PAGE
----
Yes there's like three different levels of being poor there's being so poor you have food stamps and you might be able to get a little bit of money assistance and then you think should I get a job because at least I know that I have food coming from here. Then there's being just poor enough that you don't qualify for food stamps and you don't qualify for money assistance but you still qualify for medical care but Medical Care sucks. Enough money that you don't qualify for food stamps you don't qualify for extra income you don't qualify for health insurance so you have to pay for your own health insurance you have to pay for your own food and you worry every single day if you're going to be able to pay for your bills for your loans if you're going to make your credit crappy and it's scary and you're not sure you want to do it then you think maybe I don't need that job after all but then you're just backsliding you're not moving forward and it sucks.

😍1

Solid point. I don't qualify for anything and yet I feel poorest of all.
But if you don't move forward you don't try to do better and you miss out on the pride that you could have had knowing that you made it because you worked your butt off. It's worse if you're single and you don't know is there going to be able to make this rent you're liable only to yourself you have no one to help you you're too prideful to ask for help and so life is more stressful you start smoking you start drinking and then you add to your cost of living you get even more poor because you have these things that you do to keep you on stress and get your adding more to the problem and it's never ending Loop cycle until you are able to move forward you're able to get that promotion you're able to do things to better yourself and then it sucks when you see somebody else who seems to have it better than you do because they're too lazy to work there too lazy to put the effort in and they are relying on people like you. Is there anything else you would add?

I collect jobs because I'm afraid to lose money. I'm paralyzed in dead end jobs because I can't handle the thought of letting go of money. I work long hours, bring work home, don't take care of myself
I don't even want children because of it. I struggle just to provide for myself and I'm miserable. I know children would be next to impossible to have and not resent them deep down because I'm even poorer than I was before.
I'm in a donut hole. Not poor enough to get help. Not rich enough to save money aside. I'm always an emergency away from destitution.
Someone I know just started paying for one of their school loans and it has raised to $350 a month or maybe for every like every other month, but it's more than a car payment.

Mine is currently 250 every month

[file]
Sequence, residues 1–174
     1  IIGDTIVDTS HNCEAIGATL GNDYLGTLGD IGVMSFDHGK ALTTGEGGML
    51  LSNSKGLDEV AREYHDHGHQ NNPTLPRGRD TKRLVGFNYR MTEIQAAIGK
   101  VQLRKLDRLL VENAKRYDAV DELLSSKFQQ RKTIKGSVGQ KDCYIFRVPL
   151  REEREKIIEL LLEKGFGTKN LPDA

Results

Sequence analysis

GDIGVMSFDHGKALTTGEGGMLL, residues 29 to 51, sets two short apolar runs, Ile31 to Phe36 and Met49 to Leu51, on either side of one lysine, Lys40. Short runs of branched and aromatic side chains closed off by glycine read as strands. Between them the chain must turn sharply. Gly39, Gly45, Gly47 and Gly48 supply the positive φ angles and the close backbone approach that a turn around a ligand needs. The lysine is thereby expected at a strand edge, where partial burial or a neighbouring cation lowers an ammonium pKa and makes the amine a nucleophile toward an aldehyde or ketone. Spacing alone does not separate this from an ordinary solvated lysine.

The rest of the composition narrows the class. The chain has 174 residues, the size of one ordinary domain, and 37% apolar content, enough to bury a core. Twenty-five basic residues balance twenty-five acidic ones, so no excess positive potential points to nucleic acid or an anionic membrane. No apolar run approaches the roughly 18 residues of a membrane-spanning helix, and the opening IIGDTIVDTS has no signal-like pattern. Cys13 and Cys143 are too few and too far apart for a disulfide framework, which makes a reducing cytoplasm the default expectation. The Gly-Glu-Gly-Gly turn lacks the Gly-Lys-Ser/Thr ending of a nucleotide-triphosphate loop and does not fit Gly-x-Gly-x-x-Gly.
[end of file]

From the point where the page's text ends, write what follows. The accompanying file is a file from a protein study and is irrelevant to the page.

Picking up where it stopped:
And that education was supposed to get you a job with big bucks. I've never had to use my degree and I'm paying for something I don't use. I can't sell it back.

I regret going to college at Anonymous
I don't regret going because I had amazing friends and met a spouse there, but it sucks paying.



Finally, there's this interview from

Trudy Anonymous:
Can you explain your situation now? So currently, my husband and I live above the poverty line as a middle class American income. I work 2 part time jobs, and my husband works a full time job with some forced overtime. Both Jerry Anonymous and I grew up under the poverty line. Our circumstances are different by the way that our parents dealt with the financial strain. My family was hyper focused on money. Every decision revolves around the cost, such as “turn the shower off between shampoo and conditioning your hair” or standing at the cash register at the grocery store, with my mom holding out her cash calculating what we had to put back that week. My earliest memories are riding the city bus with my dad, going to the food pantry. I vividly remember my dad letting me pick which fruit we got and the big deal was that my dad would let me pick out the bread from the selection. I always picked cinnamon bread when it was there because it was such a special treat. 
Did you use any government assistance? My family used food stamps for the first few years after I was born but refuses them after I was 3 years old even though they qualified, and they still qualify to this day. My dad qualifies for social security disability due to a traumatic brain injury. 
What is holding you back from making more money? The biggest barrier keeping my family in poverty was the lack of driver’s license for my dad and his inability to keep a job. These both have to do with a traumatic brain injury my dad attained when he was a teenager. He was constantly struggling finding a job that would give him enough hours to survive for the week but not too many hours or he would lose his government assistance, meaning our family would go without.